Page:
The invention of measurements and perception

This is going to be pretty airy-fairy. Sorry.

Let’s talk about how measurements get invented, and how this limits us.

One of the great works of engineering, science, and data is finding signals in the noise. What matters? Why? How much?

My background is in computer science, and a little in electrical engineering. So the question of what to measure to make systems (audio and computer) "better" is always on my mind.

What’s often missing in measurements is "pleasure" or "satisfaction."

I believe in math. I believe in statistics, but I also understand the limitations. That is, we can measure an attribute, like "interrupts per second" or "inflamatory markers" or Total Harmonic Distortion plus noise (THD+N)

However, measuring them, and understanding outcome and desirability are VERY different. Those companies who can do this excel at creating business value. For instance, like it or not, Bose and Harman excel (in their own ways) at finding this out. What some one will pay for, vs. how low a distortion figure is measured is VERY different.

What is my point?

Specs are good, I like specs, I like measurements, and they keep makers from cheating (more or less) but there must be a link between measurements and listener preferences before we can attribute desirability, listener preference, or economic viability.

What is that link? That link is you. That link is you listening in a chair, free of ideas like price, reviews or buzz. That link is you listening for no one but yourself and buying what you want to listen to the most.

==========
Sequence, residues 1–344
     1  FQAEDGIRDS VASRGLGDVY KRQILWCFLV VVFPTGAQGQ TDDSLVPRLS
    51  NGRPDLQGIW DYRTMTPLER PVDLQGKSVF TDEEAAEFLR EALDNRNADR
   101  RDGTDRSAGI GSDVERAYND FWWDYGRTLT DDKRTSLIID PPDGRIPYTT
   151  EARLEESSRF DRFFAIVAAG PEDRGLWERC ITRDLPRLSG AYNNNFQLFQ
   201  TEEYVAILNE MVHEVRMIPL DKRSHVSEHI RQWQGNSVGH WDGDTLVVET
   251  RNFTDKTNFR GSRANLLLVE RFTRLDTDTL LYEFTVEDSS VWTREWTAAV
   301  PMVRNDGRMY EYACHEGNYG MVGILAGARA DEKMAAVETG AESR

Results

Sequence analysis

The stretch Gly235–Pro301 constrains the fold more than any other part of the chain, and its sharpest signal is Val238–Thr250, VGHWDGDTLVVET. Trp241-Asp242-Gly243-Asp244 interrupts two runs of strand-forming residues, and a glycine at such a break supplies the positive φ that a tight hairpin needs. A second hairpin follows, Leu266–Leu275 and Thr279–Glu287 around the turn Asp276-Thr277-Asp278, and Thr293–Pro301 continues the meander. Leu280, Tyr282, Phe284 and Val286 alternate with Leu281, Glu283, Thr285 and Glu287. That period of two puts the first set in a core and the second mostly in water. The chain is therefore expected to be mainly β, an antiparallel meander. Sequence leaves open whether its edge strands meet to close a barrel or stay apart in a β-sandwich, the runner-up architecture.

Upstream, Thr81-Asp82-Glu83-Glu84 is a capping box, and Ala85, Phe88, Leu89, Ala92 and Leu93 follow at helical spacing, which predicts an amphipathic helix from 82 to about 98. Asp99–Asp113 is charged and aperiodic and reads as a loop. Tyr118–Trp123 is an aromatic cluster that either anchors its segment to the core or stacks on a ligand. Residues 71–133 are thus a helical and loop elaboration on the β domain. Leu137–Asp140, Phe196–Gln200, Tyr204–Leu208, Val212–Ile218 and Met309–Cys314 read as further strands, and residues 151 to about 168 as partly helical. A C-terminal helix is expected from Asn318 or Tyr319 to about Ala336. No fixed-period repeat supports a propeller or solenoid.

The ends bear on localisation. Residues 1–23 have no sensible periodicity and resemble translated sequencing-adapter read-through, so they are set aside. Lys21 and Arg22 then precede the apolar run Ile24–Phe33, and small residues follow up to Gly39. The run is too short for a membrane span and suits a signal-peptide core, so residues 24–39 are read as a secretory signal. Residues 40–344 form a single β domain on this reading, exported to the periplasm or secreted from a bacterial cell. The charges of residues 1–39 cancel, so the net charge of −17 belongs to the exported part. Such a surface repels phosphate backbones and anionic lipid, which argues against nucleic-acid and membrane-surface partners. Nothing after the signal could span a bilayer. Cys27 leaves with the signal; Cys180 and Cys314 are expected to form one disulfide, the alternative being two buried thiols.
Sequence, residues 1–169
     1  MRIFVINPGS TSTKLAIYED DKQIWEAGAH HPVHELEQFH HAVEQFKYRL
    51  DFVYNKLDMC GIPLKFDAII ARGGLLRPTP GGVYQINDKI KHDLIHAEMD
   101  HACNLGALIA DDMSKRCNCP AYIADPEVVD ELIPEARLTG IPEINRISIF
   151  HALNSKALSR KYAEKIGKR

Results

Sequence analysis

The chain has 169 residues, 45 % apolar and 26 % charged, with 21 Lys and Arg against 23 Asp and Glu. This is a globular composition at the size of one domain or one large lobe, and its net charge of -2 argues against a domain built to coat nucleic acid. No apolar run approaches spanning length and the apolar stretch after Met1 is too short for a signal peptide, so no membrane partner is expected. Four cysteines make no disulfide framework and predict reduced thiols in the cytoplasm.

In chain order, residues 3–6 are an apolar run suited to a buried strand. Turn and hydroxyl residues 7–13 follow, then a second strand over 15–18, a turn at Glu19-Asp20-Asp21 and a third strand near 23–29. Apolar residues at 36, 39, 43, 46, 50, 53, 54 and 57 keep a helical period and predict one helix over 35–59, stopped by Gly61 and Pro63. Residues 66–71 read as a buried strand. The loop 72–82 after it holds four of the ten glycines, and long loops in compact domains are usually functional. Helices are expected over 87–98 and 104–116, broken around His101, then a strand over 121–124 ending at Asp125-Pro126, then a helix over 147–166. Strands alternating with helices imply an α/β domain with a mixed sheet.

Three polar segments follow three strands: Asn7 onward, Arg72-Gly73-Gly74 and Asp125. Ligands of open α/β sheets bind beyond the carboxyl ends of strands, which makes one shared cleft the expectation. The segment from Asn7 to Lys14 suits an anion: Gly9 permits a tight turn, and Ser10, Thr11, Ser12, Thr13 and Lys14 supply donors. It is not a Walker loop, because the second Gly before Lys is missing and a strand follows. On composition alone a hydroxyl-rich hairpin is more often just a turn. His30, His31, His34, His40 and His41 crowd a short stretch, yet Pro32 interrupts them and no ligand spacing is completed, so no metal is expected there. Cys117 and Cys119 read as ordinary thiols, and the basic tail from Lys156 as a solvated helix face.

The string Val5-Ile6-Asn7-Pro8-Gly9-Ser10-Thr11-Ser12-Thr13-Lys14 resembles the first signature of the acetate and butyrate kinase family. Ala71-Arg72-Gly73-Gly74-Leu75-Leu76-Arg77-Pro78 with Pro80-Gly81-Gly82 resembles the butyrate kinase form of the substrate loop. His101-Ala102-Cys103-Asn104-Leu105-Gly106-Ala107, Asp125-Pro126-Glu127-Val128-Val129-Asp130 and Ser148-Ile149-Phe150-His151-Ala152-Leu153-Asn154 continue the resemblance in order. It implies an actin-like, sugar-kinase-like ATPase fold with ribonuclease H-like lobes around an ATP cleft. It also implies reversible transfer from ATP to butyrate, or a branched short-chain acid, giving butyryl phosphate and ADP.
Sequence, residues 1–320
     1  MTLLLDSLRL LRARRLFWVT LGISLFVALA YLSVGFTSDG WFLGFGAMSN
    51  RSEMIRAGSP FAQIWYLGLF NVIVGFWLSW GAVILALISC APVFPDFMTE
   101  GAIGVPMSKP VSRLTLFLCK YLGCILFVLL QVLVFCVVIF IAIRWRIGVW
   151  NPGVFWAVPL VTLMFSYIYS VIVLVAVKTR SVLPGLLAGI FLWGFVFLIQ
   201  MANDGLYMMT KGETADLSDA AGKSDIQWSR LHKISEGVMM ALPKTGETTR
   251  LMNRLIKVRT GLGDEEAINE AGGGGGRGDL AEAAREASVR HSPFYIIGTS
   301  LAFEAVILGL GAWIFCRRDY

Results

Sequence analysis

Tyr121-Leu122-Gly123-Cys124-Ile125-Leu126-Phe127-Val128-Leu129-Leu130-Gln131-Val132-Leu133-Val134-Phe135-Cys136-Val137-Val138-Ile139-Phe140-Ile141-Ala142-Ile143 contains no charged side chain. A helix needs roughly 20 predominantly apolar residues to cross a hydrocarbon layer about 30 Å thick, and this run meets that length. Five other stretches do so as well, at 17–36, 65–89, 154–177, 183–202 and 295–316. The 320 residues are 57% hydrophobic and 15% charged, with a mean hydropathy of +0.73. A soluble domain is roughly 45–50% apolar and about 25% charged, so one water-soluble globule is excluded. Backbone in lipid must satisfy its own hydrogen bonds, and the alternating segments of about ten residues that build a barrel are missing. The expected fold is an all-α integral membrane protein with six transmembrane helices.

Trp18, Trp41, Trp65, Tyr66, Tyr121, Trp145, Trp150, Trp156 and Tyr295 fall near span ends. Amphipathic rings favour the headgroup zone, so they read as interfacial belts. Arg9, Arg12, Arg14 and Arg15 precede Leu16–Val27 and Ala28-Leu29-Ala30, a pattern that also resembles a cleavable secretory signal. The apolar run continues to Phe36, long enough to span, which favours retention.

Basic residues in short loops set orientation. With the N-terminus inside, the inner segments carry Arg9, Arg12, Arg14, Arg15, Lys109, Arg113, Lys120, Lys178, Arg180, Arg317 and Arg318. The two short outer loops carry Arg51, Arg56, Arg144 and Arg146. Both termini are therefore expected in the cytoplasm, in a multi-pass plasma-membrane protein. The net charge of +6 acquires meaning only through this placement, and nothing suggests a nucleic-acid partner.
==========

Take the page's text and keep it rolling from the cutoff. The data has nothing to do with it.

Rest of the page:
Stereophile understands that people hear differently and desire different things.

That's a very generous interpretation.

"That's a very generous interpretation."

Very generous!

With the exception of some reviewing Stereophile sells ads. All magazines do. The discernment is up to the readers, but since the internet truth finding is easier. Stereophile only has so many rooms, setups, ears and review deadlines to judge with. Those who experience are the real tellers of audio and we don't find many of them posting because of trolling, but their experiences are what give us insight beyond our own.

I would say it takes about 6 months (again being generous) to see who the experienced guys are here, or on any forum. Once you spot those guys It's easier to get real (factual) opinions from. Even those I may differ with, reading their experiences is valuable.


Everyone's ears are different. Think about what that means...
Nobody goes to CES to look at audio gear. That's why the audio press hardly bothers with it. It's where Onkyo displays their new Dolby Atmos surround sound receivers. Nobody that listens to music cares. 
Three things to try at home before passing judgement on what affects perception of sound and what doesn’t.

1. Remove all telephone books from the house or apartment and listen again.
2. Remove all cell phones from the house and listen again.
3. Remove all old newspapers and magazines from the house and listen again.
4. Take as many CDs and or LPs as you can carry outside and listen again.

You be the judge. You are the decider.